This includes climate in all its dimensions, but there are a host of other challenges that demand attention. These range from the functioning of an antiquated federation itself; water security; education, in which Australia’s performance measured internationally is a national scandal; nation-building infrastructure separate from vote-buying sports rorts; and tax reform to broaden the Commonwealth’s revenue base.
For all the government’s obsession with a disappearing wafer-thin surplus as a political talking point, the longer-term necessity for the country is how will it secure sufficient revenues to enable the provision of services to a rapidly ageing population as a greater burden falls on a younger generation?
Tax reform is an imperative. The issue is better addressed sooner rather than later given the precariousness of the global economy and thus risks to commodities-driven tax revenues.
This returns us to discussion of a wasted decade, or decade and a half if we date the country’s drift to the fateful year, 2006, when then prime minister John Howard selfishly passed up an opportunity to yield the leadership of the Liberal Party to his long-serving deputy, Peter Costello.
Costello may well have prevailed over Kevin Rudd in the 2007 election. He may have proved an enduring leader. He was certainly capable. He may have saved us a lot trouble. We shall never know.
In those 14 years since Howard’s refusal to follow the Robert Menzies model and hand over to his deputy – as Menzies did to Harold Holt in 1966 – Australia entered a warring states period in which various factions within Labor and the Coalition have fought over the spoils to the country’s detriment.
Historians will be tempted to describe the years 2006-2020 as the “wasted years’’. We could go further and brand them the “corrupted years’’, prey to individual political ambition cheered on by a partisan media.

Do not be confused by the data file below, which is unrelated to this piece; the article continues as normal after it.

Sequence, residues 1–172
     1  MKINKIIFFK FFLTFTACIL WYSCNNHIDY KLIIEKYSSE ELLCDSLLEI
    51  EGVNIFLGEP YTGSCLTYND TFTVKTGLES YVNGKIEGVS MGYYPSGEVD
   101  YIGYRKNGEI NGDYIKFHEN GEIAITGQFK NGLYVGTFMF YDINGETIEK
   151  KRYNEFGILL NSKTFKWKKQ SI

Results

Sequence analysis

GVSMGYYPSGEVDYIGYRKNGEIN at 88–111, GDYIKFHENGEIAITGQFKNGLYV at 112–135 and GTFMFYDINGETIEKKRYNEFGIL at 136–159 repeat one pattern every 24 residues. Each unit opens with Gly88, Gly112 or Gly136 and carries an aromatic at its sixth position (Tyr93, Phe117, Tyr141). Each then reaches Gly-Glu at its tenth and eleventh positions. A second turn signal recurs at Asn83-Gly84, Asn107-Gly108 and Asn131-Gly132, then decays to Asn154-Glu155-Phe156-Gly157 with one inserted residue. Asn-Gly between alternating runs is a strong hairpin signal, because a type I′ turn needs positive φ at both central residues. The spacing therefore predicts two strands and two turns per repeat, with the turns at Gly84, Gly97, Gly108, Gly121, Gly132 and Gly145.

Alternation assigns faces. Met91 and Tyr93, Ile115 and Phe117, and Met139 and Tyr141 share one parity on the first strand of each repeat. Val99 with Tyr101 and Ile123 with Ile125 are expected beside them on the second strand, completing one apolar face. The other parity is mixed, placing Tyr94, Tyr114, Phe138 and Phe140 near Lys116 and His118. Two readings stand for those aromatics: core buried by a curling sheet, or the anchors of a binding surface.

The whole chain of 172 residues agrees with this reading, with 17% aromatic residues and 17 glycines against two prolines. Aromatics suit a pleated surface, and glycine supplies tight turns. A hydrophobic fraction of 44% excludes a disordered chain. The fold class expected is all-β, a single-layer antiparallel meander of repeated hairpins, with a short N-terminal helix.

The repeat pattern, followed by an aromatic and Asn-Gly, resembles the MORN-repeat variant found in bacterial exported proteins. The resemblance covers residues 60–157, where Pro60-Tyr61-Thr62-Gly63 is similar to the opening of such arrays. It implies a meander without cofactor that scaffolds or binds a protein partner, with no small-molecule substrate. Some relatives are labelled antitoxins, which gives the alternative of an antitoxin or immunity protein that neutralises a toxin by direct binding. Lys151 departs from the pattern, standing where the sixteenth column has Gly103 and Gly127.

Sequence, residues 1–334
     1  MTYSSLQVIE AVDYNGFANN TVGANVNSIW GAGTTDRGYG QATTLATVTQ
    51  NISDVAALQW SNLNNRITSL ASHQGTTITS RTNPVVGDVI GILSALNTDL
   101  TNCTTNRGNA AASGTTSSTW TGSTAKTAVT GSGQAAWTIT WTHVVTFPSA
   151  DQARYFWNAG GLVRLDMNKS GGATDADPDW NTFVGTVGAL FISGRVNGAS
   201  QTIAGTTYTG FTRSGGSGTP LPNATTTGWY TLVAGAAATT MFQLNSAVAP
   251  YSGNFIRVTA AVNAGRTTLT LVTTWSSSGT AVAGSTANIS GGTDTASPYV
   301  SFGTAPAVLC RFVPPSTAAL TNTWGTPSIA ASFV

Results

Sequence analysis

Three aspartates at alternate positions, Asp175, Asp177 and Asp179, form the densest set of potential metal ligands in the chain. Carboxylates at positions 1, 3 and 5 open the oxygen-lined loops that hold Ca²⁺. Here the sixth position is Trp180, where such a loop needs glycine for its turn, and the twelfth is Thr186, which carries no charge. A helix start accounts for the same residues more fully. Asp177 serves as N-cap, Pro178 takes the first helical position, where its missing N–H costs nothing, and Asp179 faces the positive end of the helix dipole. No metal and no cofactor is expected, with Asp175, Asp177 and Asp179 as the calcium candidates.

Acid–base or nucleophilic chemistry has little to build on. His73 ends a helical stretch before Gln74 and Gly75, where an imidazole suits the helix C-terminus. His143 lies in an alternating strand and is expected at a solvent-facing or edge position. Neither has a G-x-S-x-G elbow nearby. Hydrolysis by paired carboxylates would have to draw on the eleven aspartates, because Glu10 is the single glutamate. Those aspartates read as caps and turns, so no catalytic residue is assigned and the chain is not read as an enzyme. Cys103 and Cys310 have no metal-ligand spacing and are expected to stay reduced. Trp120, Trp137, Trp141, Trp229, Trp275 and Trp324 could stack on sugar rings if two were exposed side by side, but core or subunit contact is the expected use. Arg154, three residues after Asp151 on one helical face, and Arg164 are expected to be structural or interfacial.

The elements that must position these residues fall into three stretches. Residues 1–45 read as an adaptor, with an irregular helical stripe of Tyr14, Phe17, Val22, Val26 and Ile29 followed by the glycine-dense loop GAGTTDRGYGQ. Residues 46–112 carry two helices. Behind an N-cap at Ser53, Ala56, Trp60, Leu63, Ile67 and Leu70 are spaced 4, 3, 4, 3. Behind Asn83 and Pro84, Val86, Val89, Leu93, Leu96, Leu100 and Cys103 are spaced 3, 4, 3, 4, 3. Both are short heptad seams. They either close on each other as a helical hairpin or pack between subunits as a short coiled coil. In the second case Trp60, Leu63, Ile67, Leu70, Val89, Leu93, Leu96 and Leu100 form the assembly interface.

Researching this column I spoke to senior Liberals inside and outside Parliament. If there was a consensus view it was that Australia has paid a high price for years of bitter personal division politically.
A blood feud between Malcolm Turnbull and Tony Abbott – this continues – has meant attempts to put in place a rational climate policy that would facilitate transition to net-zero carbon emissions by 2050 have been stymied.
In possibly the greatest act of self-harm in a policy sense in the history of Federation, the country has slid backwards from words uttered under political duress by Howard on July 17, 2007, as he sought to stave off defeat by Kevin Rudd.
Then, he said: “Implementing an emissions trading scheme and setting a long-term goal for reducing emissions will be the most momentous decision Australia will take in the next decade.’’
Howard’s climate sceptic protege Abbott appears not to have got the memo as – aided and abetted by his friends in the media – he set about destroying any prospect of a reasonable consensus on climate.
Except for a brief period during the Julia Gillard government when an effective carbon trading scheme was introduced, Australia has been missing in action on climate.
The question for Morrison at the beginning of a new decade is whether he will continue the wasted years on climate and other pressing issues mentioned above, or will he break free of those doldrum years? In all of this a disturbing question arises. Is the Prime Minister’s resistance to a credible emissions policy due to concerns about party disunity from a putrid climate-denying rump in his own ranks, or does it derive from his own beliefs?
In other words. Will Morrison prove to be a continuation of the lost decade or will he seize the opportunity? On present indications you would be hard put to describe the outlook as promising.
Tony Walker is a Vice-Chancellor’s Fellow at La Trobe University.
Tony Walker writes on politics, North America and the Middle East. He was formerly the Australian Financial Review’s international editor.